As China’s gaming companies continue to struggle at home, they’re looking for solutions overseas.
The country’s gaming studios are stepping up efforts to expand abroad after a regulatory crackdown led to a slump in the domestic market, experts and industry executives said at ChinaJoy, China’s biggest gaming convention, that concluded in Shanghai this week.
In the first half of this year, sales of China’s self-developed games in the overseas market rose 20.2% year-on-year to $5.6 billion, according to a report released by the China Game Publishers Association, the country’s official gaming association. That growth rate is higher than the 15.4% recorded in the domestic market.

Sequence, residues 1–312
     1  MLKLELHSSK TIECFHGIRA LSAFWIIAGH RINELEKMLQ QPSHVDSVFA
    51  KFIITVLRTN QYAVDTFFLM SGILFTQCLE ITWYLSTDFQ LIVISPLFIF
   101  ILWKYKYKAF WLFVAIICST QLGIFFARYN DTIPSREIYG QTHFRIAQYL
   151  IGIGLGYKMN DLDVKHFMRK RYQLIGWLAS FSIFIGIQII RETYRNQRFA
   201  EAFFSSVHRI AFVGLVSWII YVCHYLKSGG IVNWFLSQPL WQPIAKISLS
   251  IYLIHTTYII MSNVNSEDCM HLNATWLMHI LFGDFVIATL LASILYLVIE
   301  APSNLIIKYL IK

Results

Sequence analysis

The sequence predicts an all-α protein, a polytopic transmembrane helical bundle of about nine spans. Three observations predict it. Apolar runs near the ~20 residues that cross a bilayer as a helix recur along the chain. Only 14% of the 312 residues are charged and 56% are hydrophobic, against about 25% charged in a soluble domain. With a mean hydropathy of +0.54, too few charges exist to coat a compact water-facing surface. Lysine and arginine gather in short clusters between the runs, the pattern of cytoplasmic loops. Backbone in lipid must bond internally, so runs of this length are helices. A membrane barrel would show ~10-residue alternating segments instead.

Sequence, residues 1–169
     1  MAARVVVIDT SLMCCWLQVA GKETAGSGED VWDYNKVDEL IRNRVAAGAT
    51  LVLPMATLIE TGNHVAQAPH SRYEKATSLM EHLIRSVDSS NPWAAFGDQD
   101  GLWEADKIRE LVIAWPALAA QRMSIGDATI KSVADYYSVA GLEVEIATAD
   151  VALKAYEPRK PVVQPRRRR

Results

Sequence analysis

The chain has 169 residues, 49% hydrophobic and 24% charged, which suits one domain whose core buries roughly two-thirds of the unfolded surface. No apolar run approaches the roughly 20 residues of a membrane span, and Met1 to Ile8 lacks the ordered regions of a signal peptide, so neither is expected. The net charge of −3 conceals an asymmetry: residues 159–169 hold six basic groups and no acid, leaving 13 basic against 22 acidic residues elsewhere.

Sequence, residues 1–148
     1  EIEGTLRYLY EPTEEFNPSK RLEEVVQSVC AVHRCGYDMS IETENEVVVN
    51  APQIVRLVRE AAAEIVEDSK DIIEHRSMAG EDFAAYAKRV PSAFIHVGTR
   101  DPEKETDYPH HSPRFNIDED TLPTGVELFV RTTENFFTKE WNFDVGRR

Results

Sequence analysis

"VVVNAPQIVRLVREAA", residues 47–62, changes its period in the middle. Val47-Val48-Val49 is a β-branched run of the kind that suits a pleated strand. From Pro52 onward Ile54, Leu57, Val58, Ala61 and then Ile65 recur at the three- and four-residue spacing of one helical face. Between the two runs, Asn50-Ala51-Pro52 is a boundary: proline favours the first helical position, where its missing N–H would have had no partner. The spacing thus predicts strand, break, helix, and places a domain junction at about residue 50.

China’s gaming industry is the world’s largest, boasting some 620 million players — almost double the entire U.S. population. But last year, Beijing froze approvals for new titles for 10 months in a bid to address what it viewed as problematic levels of game addiction among young people.
While that freeze is now thawing, the policy blasted a hole in industry revenue and prompted studios to seek revenue streams in overseas market. Deng Hui, gaming industry sales director for Google China, said at ChinaJoy that 18 Chinese gaming companies netted annual revenue in overseas markets exceeding 500 million yuan ($71 million) last year, up from just three companies in 2015.
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Contact reporter Tang Ziyi (firstname.lastname@example.org)